In the aftermath of the 4-1 loss to Napoli, there was plenty of uncertainty about the Reds’ ability to rebound from what Klopp described as the team’s “worst” performance since his arrival. Klopp delivered “four or five days of absolute truth” to his struggling squad.

Although Liverpool’s route to victory was anything but direct, the rallying cry seemingly worked. After Mohamed Salah’s first-half goal, poor play from Trent Alexander-Arnold and Virgil van Dijk was largely responsible for Ajax’s equalizer before halftime. The Reds’ attack went sterile after the break until unlikely hero Joel Matip’s 89th-minute winner sent Anfield into a frenzy.

Although Liverpool have a ways to go before they’re comparable to the outfit that dazzled last season, Tuesday’s victory was undoubtedly a relief for a club that’s underachieved for much of the season so far.

When heavyweights collide

That was fun.

Bayern Munich and Barcelona, familiar foes in recent seasons, delivered a rousing spectacle in Bavaria on Tuesday. It was only a group-stage affair, but the almost unhinged intensity and elite skill on display were befitting of a final. Both teams pressed fiercely, trying to play on the front foot and not allow their illustrious opposition any time to breathe. Tackles were flying, and bodies were often strewn across the pitch as the two sides went blow-for-blow, racing up and down the field and exchanging rapid attacks peppered with quick, clever passing sequences and exquisite dribbling.

Alphonso Davies and the rejuvenated Ousmane Dembele – and fellow winger Raphinha – engaged in a series of explosive tussles that were as entertaining as the actual match itself. A game within the game. Teenage midfielders Pedri and Gavi were two standout players in the first half as Barcelona, looking to regain their status as Europe’s elite footballing institution, played with the incisiveness, inventiveness, and swagger of their peak years. The club’s financial future may be tenuous, but things look bright on the pitch.

But Bayern, despite still looking vulnerable defensively when put under pressure, didn’t crack. Julian Nagelsmann’s decision to introduce Leon Goretzka to begin the second half was vital, and the German juggernaut helped turn the tide in his side’s eventual 2-0 victory.

“In the first half we had a lot of chances to score, and when you forgive so much against a team like this, you end up paying for it,” Pedri, wise beyond his years, said following the defeat.

Those ebbs and flows are the hallmarks of memorable Champions League nights.

The group stage of Europe’s premier club competition has been increasingly neutered as the gulf between football’s wealthy elite and everyone else has continued to grow over the years, making it more difficult for Cinderella stories to develop. But Tuesday’s clash at the Allianz Arena was a reminder of everything that’s still good about the tournament. When heavyweights collide, it’s still the most riveting show around.

Lewandowski’s rare off night

Captivating as Tuesday’s match in Bavaria was, it didn’t quite go according to plan for Robert Lewandowski.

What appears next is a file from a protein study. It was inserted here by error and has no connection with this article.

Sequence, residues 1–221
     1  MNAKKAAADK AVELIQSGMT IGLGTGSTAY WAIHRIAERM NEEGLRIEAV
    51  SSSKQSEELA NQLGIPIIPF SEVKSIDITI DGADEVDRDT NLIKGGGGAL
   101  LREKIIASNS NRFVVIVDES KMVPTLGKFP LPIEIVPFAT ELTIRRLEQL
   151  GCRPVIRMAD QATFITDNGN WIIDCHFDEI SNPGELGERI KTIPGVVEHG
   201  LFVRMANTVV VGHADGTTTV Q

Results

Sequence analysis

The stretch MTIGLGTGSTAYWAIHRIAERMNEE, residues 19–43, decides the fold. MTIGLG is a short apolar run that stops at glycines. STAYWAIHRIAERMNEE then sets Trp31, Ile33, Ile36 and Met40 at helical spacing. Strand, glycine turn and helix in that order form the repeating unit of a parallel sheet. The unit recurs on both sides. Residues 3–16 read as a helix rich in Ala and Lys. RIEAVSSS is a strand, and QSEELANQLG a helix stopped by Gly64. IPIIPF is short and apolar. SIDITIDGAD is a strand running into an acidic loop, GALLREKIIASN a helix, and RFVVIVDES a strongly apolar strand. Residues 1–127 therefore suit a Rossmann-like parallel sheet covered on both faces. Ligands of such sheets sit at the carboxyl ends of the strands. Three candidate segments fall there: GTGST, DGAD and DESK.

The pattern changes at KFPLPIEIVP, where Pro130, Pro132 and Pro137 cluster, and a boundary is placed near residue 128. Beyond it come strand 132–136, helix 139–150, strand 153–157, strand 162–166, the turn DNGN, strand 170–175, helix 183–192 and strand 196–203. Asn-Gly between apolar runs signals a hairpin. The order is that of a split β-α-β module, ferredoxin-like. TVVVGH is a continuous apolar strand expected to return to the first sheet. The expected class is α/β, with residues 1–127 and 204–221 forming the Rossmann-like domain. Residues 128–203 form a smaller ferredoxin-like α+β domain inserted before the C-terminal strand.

The prolific Pole, who scored 344 goals in 375 Bayern appearances before departing for Barcelona this past summer, was given a predominantly warm reception upon his return. But a smattering of boos emanated from a fan base that isn’t totally at peace with the acrimonious nature of Lewandowski’s departure. Not quite hostile, but there was tension in the air.

“I think for Lewy, it was really an emotional game to come back,” said Bayern captain Manuel Neuer after the match. It’s impossible to know if that harmed the forward – even the most accomplished veterans can get butterflies – but whatever the reason, Lewandowski was just slightly off at the Allianz Arena. A rare sight over the years.

The 34-year-old spurned two glorious opportunities in the first half, whistling a volley just over the crossbar from inside the box before sending a close-range header at the back post right into Neuer’s chest. Another good chance went begging when Noussair Mazraoui made a last-ditch block late in the first half. From there, Bayern’s defenders corralled him, and whenever Barca did scamper forward menacingly, Lewandowski couldn’t find the right timing and connect with his teammates.

Lewandowski had nine goals in his first six games with Barcelona going into Tuesday’s encounter, but his dream start to the season ended with a thud in the one match he was surely more excited about than any other.

What’s happening in Group B!?

This comes with the caveat that it’s still very early – we’re only two games into this campaign’s Champions League, after all. But Group B, against all odds, is already shaping up to be a wild ride.

Club Brugge sit atop the quartet with a perfect record after waltzing into the Estadio do Dragao, a typically intimidating venue, and crushing FC Porto on Tuesday. Despite losing Charles De Ketelaere over the summer, the Belgian club certainly wasn’t lacking an attacking spark in its 4-0 rout.


The surprises didn’t stop there, though, as Bayer Leverkusen put their woeful early-season form behind them to claim a 2-0 win against overwhelming group favorites Atletico Madrid. Leverkusen went into the match having lost six of their eight games in all competitions to begin the new campaign, so naturally, they shut down Diego Simeone’s side. Throw all reason out the window.

Group B, viewed after the draw as lacking much intrigue or excitement, is flipping the script.